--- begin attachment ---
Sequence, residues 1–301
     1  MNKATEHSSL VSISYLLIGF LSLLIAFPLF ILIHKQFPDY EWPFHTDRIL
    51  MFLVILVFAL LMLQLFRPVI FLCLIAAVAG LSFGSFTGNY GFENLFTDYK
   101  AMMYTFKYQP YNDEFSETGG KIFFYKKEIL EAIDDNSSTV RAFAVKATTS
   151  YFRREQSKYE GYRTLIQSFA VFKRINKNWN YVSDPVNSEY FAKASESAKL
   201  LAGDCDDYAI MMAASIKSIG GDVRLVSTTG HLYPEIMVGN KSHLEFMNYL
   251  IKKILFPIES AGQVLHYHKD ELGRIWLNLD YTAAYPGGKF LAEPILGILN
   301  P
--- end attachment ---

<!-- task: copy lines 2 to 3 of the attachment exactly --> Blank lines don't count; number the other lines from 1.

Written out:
     1  MNKATEHSSL VSISYLLIGF LSLLIAFPLF ILIHKQFPDY EWPFHTDRIL
    51  MFLVILVFAL LMLQLFRPVI FLCLIAAVAG LSFGSFTGNY GFENLFTDYK